Sunday, August 28, 2011

Dr. Tony Tan wins the PE....

But the real surprise is how well Dr. Tan Cheng Bock did losing by a mere 0.34% of the votes. Dr Tony Tan secured 744,397 or 35.19 per cent of total valid votes, while Dr Tan Cheng Bock received 737,128 or 34.85 per cent of the valid votes.The difference is a mere 7300 votes.

This year the role of the president was the hot topic of the PE. You noticed that Low Thia Kiang had firmly and shrewdly kept the WP out of the PE...while NSP's Nicole Seah and Steve Chia were running around campaigning for Tan Jee Say along side members of the SDP. The WP is very clear about the role of parliament in policy making and do not want a pro-active president to undermine the power and authority of parliament. In fact when the PE was first proposed, JBJ who was heading the WP specifically warned about an elected president taking away some of the parliament's power.

Watch this video and you will realise the wisdom in JBJ's argument.






A elected president selected by the people will have a mandate, power and moral authority that will give our govt additional challenges if he doesn't stick to the 'limited role' as laid out in the constitution. For this reason the WP opposed having an EP. What is the use anyway? If it is to prevent a rogue govt, then the factors that led to people voting a 'rogue' govt will also lead to support for the same type of president.

The presidential election naturally becomes an extension for the segment of people who find themselves under-represented after the results of the GE. 40% voted against the PAP are represented by a small number of MPs due to the GRC system. It becomes hard to the PAP to keep the President to the limited scope unless their endorsed candidates win all future elections.

The best safeguard for our reserves is a people with the correct set of values...and Singaporeans have that. Foremost on the minds of Singaporeans is not how to raid and squarder the reserves but how to prevent catastrophic losses like what we have seen in recent years and greater transparency. Dr. Tony Tan the PAP endorsed candidate only garnered 35% of the votes and 65% of the people voted against him. You can argue that if the votes were not split and if Tan Jee Say had not run, Tan Cheng Bock would have won and if Tan Cheng Bock did not run, Tan Jee Say might have won. People generally see little purpose in having a PAP endorsed candidate check on a PAP govt. If a non-PAP endorsed candidate wins, they are looking at him to play some other role as 'uniter', 'voice of the people' and 'agent of change' - all of which can be played by MPs.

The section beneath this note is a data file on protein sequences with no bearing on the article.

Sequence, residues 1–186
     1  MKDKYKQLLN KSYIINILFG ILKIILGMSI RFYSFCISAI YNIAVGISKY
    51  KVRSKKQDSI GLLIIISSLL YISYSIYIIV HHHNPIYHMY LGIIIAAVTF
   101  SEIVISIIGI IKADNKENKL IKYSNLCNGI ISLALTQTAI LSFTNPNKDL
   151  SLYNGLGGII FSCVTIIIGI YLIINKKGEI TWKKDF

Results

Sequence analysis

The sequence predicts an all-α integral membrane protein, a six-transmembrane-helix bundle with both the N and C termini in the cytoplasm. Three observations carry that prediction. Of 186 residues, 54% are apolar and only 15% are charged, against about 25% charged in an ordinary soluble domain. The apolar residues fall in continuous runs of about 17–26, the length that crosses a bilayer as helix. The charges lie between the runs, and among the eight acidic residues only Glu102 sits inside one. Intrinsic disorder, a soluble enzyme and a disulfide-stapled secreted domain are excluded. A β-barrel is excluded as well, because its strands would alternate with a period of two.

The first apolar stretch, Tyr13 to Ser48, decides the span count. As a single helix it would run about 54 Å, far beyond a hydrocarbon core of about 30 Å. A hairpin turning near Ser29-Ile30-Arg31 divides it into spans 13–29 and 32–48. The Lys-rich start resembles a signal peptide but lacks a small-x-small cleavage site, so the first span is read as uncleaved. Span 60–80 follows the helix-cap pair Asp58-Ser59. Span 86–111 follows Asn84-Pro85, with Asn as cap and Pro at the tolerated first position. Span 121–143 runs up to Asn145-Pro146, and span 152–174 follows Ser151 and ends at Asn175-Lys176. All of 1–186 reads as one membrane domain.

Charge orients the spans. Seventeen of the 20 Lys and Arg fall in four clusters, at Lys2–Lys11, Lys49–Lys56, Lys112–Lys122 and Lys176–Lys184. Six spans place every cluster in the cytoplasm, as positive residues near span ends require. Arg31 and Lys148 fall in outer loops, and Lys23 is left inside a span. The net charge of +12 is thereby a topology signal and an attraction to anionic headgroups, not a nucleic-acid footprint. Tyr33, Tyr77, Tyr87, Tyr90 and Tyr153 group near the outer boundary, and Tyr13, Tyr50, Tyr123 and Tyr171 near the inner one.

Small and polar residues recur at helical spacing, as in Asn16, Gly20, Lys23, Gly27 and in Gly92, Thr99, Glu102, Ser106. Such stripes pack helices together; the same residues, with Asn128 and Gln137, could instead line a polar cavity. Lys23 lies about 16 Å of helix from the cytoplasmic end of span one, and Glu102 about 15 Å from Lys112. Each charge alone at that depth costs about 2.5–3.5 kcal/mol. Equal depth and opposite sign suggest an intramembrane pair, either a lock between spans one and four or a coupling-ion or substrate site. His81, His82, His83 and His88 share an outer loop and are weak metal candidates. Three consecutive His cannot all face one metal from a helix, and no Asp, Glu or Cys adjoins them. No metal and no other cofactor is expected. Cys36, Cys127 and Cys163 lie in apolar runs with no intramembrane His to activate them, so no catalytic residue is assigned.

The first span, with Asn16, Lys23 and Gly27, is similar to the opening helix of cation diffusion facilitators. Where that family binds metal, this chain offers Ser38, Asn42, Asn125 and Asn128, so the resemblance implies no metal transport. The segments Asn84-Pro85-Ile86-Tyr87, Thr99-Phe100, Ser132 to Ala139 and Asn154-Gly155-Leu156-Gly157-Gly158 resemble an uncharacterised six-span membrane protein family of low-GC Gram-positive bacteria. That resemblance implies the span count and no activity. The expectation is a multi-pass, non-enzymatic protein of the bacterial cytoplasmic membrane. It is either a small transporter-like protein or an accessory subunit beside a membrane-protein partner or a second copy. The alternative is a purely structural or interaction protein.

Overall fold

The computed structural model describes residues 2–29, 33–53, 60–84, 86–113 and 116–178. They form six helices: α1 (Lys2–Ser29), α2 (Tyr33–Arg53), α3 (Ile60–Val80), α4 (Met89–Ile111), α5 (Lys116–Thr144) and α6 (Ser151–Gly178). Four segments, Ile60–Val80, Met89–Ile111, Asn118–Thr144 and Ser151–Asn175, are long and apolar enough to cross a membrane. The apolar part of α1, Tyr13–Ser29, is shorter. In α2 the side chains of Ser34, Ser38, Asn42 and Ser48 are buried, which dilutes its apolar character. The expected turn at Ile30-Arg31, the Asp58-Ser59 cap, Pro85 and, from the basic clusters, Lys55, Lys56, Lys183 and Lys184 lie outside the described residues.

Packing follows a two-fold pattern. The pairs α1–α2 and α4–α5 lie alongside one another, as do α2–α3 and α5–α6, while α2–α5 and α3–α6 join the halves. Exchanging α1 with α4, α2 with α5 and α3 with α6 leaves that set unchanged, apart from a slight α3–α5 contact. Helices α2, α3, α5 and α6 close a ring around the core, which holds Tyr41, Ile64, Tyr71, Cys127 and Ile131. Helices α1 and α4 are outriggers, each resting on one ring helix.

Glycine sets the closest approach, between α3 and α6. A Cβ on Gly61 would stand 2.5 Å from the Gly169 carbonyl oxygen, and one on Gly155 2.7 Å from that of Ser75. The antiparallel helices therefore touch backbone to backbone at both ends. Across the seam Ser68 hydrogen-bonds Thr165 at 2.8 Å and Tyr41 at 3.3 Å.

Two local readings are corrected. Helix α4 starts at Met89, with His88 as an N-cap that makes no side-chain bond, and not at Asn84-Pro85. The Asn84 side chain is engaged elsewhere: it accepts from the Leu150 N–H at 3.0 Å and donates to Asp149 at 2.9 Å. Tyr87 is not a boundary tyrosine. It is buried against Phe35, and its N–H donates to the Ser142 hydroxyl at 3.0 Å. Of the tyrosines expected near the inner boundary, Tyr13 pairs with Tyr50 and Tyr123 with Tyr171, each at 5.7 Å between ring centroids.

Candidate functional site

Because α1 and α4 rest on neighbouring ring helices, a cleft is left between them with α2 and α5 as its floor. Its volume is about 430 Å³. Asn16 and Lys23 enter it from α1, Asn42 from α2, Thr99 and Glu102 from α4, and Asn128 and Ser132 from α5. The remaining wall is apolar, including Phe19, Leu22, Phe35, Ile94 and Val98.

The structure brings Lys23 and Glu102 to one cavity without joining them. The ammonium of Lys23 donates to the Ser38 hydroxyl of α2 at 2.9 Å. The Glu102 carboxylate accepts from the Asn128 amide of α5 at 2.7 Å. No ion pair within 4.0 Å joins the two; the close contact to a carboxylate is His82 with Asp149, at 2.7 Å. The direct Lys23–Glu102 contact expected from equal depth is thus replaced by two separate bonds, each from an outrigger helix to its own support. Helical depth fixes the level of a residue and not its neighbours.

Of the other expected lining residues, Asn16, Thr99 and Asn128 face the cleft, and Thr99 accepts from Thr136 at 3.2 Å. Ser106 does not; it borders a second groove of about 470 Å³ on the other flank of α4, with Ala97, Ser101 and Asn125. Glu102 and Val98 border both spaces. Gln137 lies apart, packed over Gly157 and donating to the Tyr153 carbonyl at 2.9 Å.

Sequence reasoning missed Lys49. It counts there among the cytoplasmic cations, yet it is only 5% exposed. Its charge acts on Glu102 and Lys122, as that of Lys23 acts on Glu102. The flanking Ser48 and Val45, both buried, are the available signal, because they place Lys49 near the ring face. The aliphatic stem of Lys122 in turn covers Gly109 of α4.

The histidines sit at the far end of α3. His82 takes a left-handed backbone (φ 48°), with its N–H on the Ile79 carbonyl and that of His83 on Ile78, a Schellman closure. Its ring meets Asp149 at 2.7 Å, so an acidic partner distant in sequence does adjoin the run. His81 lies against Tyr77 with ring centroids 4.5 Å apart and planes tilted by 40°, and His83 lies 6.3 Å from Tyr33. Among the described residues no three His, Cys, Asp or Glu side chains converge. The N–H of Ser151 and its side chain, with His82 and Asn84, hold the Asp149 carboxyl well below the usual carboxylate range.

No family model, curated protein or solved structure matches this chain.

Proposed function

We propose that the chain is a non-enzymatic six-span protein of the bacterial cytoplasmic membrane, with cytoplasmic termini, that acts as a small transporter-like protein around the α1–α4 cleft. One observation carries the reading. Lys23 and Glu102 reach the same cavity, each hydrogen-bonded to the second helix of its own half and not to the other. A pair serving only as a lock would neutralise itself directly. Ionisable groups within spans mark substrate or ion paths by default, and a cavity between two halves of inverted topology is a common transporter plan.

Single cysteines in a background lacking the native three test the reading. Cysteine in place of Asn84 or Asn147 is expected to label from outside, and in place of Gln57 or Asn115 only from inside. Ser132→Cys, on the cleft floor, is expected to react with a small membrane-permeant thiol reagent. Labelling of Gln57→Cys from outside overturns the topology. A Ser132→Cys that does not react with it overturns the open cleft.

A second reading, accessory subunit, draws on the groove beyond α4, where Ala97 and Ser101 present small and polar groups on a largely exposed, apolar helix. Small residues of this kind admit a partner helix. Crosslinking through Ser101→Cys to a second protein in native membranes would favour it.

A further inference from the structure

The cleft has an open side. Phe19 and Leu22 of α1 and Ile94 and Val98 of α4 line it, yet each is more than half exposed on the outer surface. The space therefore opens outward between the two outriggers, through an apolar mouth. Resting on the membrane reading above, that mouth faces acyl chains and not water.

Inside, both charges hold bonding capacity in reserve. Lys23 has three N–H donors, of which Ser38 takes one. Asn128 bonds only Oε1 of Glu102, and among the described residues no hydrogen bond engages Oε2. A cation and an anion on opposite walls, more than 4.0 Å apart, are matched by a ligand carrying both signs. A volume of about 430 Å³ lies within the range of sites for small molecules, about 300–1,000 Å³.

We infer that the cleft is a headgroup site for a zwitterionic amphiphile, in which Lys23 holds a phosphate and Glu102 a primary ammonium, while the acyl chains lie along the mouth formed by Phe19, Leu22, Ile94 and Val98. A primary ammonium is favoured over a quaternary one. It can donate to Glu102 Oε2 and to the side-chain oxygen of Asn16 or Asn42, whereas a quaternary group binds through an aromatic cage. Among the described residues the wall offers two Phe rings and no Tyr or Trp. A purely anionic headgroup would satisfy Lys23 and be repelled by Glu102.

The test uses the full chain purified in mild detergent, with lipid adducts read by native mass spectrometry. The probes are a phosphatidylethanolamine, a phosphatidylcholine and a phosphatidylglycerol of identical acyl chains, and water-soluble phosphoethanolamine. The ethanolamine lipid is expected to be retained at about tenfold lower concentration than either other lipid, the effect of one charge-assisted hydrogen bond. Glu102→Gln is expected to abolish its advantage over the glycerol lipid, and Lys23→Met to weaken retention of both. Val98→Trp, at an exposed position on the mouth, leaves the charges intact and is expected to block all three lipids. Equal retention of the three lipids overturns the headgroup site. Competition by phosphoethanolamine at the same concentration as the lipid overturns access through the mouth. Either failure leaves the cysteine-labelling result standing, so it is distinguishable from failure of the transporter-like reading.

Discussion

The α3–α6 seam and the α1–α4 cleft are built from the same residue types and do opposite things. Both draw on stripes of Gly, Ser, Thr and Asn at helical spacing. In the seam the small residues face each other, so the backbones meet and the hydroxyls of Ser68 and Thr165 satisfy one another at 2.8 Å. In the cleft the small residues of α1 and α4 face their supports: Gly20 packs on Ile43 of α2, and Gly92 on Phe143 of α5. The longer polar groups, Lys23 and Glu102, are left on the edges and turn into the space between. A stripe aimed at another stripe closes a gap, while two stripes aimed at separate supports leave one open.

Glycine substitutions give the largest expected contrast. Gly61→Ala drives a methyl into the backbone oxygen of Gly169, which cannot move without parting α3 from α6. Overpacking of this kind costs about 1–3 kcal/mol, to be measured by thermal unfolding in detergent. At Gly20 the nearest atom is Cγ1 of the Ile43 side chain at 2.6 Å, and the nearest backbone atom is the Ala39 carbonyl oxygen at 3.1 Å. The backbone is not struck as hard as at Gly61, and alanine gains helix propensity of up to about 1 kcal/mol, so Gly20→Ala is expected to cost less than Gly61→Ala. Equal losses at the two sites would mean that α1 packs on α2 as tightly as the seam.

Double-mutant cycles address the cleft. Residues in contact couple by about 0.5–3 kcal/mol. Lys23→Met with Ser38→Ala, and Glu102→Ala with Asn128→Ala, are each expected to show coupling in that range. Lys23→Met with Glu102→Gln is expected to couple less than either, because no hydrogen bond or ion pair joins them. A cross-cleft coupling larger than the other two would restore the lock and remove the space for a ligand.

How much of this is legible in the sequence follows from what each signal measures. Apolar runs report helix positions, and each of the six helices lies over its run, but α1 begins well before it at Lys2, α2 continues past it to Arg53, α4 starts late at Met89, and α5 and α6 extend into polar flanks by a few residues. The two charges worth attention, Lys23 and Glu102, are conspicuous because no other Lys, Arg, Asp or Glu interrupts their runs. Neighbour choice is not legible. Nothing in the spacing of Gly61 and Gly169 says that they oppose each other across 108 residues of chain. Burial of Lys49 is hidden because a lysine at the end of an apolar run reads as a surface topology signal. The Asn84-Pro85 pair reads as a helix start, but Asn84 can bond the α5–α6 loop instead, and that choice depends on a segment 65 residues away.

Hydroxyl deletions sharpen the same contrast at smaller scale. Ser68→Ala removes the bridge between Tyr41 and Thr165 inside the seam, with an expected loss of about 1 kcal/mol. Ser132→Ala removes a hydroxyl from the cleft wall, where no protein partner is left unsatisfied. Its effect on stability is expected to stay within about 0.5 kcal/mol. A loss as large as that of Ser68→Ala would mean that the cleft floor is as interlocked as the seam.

What do you make of the PE now? Things have become a lot more fluid....and somewhat unnecessarily complex. The under-representation problems caused by the GRC will now spill into presidential elections to drive demand for bigger role for the president. We would have a simpler system if we eliminate GRCs, the PE and put all the political power in parliament with the check and balance coming from opposition MPs and an independent media that keeps the people informed.

You go back to the video that is 19 years old and you see a very young Lee Hsien Loong arguing for an elected president. 19 years later, he and his govt is vigorously reminding the public that the intended role of the president is very narrow and small.....and many just don't see it that way. Why should they when the whole country goes out to vote for one man to occupy the office of president? That was what JBJ tried to warn the young Lee Hsien Loong about...and that is why the WP stayed out of the fray to keep iself focussed on winning parliamentary seats.

Surprise! Tan Cheng Bock in close fight as counting progresses....

....heard this from the counting centers.The remaining vots is from the West which should favor him.

The only people who handed me something related to the PE last week were TCB supporters. I was at an MRT station and they give me a few stickers. Friends reported they received a viral SMS urging them to consider voting for TCB and his campaign brochure was sent to most households. Still, I did not think he could garner enough votes to take the lead given it has been a long time since his term as MP and PAP supporters are likely to vote for Tony Tan and opposition supporters will choose among the 3 non PAP endorsed candidates.

TCB's close fight with Dr. Tony Tan could be due to his extensive campaign and reaching out to ground. Many of his former constituents and patients came out to support his campaign.

His campaign slogan  "Think Singaporeans First" has perhaps rung a bell for the many Singaporeans who today are feeling they have been moved to 2nd place.

Saturday, August 27, 2011

First Time S'poreans get to vote twice in the same year....

This is a landmark year for democracy in Singapore.